Vigier offers a guitar with a modern look and a state-of-the-art design that distinguishes it from “mass-market” manufacturers. It’s a combination of innovation and well-proven technology, like the P-90 pickups. We regret the lack of a dedicated volume control for each pickup, which would allow us to adjust the out-of-phase wiring of the pickups. Even if it’s for a rather high — but justified — price ($3,600), you can get a top-notch guitar fully manufactured in France. Rock, jazz, blues, metal: you can play anything with this guitar! However, do try to play as best as you can because even the smallest imperfections are audible!


  • Sound versatility
  • Finish
  • Design


  • No left-handed version available

To read the full detailed article with sound samples see: Vigier G.V. Wood 90 Review

October 2, 2009

Ibanez RG 2570MZ Guitar: Pure Prestige

The large Ibanez RG family starts to be å regular among AudioFanzine’s editorial staff. We first received the RG2610 with its single pickup, then the RG420EG-SBK “spider axe.” Today, it’s the turn of a “prestige” RG called RG 2570MZ VBE. What sets it apart from the 21 guitars that form the Ibanez’s catalog?

Ibanez RG 2570MZ VBE

The guitar itself is not the first thing you’ll notice about this RG. Unlike “ordinary” models, this guitar is sold in a wonderful flight case with red velvet interior and the “Prestige” and “Team J-Craft” logos on it. So what is the Team J-Craft? Ibanez uses this mark to let us know that the guitar was made in their Fujigen Factory in Japan. A “non-outsourced” Ibanez guitar like the old RG models manufactured 25 years ago…The lime body benefits from the famous “Strat-revisited” shape that made the model famous. So the body was basically inspired on the Stratocaster but it’s slimmer, and has a very slim, sharp and very low bottom horn that allows a smooth access to the upper frets, even for guitar players with huge hands like mine.

The finish is quite original–nothing new for Ibanez (just read other reviews). The “Vital Blue” matt finish with a rugged pattern recalls the texture of an old houses’ walls…

It feels pretty smooth under your fingers but its look won’t be everyone’s taste. If the “Vital Blue” is not exactly your type of finish (ha!), the RG2550MZ is a twin sister of the RG2570MZ with the exact same features but in a “Galaxy White” finish and an additional “Cosmo Black” pickguard.

Now let’s take it for a test drive…


Ibanez RG 2570MZ VBE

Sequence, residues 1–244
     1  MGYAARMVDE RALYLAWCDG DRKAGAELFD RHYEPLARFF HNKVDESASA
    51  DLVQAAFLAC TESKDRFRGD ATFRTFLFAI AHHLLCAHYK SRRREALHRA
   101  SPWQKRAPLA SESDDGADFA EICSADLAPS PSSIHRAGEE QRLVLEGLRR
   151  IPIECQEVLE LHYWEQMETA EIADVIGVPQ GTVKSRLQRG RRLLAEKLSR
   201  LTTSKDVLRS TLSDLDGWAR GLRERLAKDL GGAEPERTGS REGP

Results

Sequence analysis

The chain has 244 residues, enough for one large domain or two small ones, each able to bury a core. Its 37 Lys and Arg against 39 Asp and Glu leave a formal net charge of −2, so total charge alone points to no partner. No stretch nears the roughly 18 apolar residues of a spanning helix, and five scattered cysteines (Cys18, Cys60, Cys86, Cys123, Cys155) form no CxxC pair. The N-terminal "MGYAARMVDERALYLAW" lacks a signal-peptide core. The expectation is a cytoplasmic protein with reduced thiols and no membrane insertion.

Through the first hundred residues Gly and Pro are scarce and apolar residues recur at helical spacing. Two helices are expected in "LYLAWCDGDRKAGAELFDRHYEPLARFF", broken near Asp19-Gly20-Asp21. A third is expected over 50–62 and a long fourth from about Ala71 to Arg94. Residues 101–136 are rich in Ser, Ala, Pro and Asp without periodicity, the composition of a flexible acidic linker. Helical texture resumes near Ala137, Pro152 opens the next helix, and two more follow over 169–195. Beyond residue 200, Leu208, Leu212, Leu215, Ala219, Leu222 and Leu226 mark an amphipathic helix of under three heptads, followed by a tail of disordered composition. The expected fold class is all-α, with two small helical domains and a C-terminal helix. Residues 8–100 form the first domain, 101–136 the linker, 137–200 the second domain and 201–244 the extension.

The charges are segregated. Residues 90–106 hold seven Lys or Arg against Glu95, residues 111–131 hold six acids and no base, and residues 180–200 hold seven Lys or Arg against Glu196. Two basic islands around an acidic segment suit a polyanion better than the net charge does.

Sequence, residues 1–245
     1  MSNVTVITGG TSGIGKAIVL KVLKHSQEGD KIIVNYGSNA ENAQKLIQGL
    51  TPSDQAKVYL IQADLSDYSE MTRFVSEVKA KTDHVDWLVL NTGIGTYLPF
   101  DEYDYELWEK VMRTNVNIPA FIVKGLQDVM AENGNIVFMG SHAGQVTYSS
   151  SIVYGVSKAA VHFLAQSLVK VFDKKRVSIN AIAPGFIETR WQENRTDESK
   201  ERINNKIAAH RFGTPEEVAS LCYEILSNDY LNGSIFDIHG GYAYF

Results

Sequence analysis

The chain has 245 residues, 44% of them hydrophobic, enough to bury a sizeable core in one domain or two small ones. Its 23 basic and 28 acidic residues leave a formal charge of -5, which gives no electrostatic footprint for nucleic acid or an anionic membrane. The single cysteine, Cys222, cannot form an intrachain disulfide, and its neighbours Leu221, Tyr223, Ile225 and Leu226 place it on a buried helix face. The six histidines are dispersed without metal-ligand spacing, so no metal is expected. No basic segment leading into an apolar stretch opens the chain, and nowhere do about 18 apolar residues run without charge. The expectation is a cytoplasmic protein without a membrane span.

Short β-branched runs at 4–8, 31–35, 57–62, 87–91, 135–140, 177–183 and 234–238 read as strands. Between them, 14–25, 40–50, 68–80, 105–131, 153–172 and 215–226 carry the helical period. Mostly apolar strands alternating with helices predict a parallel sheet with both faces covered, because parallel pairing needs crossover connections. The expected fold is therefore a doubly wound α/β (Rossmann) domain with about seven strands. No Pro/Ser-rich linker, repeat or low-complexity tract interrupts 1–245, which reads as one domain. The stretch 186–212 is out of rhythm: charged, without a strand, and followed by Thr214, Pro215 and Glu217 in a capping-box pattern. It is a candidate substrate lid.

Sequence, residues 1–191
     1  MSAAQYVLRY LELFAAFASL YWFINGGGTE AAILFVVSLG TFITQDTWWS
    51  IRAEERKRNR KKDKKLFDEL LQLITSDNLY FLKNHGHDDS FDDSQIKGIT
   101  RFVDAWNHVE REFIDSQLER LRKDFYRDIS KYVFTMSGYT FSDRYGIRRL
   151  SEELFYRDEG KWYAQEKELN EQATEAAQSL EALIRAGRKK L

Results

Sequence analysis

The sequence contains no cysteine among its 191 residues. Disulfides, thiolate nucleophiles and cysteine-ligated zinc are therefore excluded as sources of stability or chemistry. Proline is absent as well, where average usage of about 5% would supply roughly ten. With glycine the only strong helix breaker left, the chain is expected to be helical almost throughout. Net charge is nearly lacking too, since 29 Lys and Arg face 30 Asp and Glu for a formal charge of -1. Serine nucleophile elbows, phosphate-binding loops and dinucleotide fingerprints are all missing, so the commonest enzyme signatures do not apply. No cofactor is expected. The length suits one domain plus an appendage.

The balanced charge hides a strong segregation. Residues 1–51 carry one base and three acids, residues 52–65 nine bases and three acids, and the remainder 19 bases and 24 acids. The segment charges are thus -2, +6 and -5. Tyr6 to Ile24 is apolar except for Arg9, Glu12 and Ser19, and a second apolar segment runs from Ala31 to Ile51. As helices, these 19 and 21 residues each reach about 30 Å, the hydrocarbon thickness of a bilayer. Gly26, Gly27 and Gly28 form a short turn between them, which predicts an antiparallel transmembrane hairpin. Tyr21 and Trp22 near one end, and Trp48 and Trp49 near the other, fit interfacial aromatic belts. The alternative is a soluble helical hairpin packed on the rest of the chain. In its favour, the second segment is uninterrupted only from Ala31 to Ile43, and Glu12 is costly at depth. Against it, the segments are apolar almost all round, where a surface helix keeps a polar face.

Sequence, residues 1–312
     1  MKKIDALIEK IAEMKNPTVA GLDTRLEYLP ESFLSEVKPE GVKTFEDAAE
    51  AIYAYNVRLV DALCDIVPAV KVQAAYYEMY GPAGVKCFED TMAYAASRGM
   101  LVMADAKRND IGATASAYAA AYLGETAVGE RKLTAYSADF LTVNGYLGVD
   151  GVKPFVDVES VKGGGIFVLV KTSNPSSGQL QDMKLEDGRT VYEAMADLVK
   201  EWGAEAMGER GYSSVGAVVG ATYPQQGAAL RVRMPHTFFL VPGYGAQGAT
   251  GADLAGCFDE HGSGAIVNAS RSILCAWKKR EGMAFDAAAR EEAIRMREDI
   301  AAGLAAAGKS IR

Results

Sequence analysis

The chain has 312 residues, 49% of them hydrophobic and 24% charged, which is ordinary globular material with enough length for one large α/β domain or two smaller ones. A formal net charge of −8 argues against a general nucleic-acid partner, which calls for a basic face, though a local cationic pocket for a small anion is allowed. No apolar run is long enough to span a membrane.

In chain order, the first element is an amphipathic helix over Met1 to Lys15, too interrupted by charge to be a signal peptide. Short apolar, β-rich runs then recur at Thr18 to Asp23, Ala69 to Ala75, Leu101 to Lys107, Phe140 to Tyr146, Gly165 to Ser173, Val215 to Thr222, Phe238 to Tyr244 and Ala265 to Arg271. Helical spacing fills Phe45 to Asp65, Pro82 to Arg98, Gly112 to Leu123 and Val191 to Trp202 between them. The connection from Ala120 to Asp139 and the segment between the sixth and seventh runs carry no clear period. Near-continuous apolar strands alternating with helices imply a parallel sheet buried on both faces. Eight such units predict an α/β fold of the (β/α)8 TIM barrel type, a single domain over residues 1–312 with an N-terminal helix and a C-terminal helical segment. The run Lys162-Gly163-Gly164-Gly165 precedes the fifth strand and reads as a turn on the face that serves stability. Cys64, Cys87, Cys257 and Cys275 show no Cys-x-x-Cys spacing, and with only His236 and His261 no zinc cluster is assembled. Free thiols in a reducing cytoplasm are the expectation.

So, what’s worthy about this RG? It’s a very well manufactured instrument with a high-class finish, high-quality hardware, very good playability and a versatile sound. This versatility is its main advantage but also its main disadvantage because it will disappoint musicians looking for a characterful guitar… If that’s the case, changing the pickups will surely solve the problem. Considering the instrument’s price, such a customization won’t hurt your budget too much…

Compared to the RG family, this guitar offers lots of advantages, and its maple fretboard clearly improves note attacks. Taking into consideration that it’s a real Japanese instrument, its price is very appealing. So consider testing it: this guitar is definitely worth it if you’re looking for an RG– and to be compared to its cousins!


  • Perfect manufacturing and finish
  • Edge Zero tremolo system
  • Very easy to play
  • Stronger attack thanks to the maple fingerboard
  • Flight case included


  • Rather neutral sound, lack of personality when distorted
  • The center pickup can be annoying for some guitarists, depending on your technique
  • Finish won’t appeal to everyone’s taste (choose the RG 2550MZ instead)

To read the full detailed article see:  Ibanez RG 2570MZ Review

April 4, 2009

Musikmesse: ESP Kirk Hammett Ouija Guitar

ESP presents their 2009 re-issue of Kirk Hammett’s original Ouija guitar.


For more Musikmesse videos and news visit Audiofanzine Musikmesse

March 24, 2009

Video Demo: Lowden Pierre Bensusan Signature Acoustic Guitar

Presentation of the Lowden Pierre Bensusan Signature model acoustic guitar


To watch all Audiofanzine video demos visit us on Audiofanzine Videos.

March 21, 2009

Video Demo: Hamer Talladega Pro Guitar

Presentation of the Hamer Talladega Pro


To watch all Audiofanzine video demos visit us on Audiofanzine Videos.

March 20, 2009

Video Demo: Martin 0028 Eric Clapton Signature Acoustic Guitar

Exclusive overview of the new Martin 0028 Eric Clapton Signature.


To watch all Audiofanzine video demos visit us on Audiofanzine Videos.

March 19, 2009

Video Demo: Gibson Dark Fire Guitar

Filed under: Guitar reviews — Tags: , , , , , , , — audiofanzine @ 11:07 am

Overview of the new Gibson Dark Fire ‘self tuning’ guitar.


To watch all Audiofanzine video demos visit us on Audiofanzine Videos.

March 18, 2009

Video Demo: Ovation Guitars 2009 Collector Series

Presentation of the Ovation 2009 Collector Series.


To watch all Audiofanzine video demos visit us on Audiofanzine Videos.

February 27, 2009

Video Demo: Vox Virage Guitar


Sorry we were unable to upload this video to youtube, but if you want to check out the new Vox Virage semi-hollow body electric guitar, check out video demo below:

Vox Virage Guitar

To watch all NAMM 2009 video demos visit us on Audiofanzine NAMM 2009.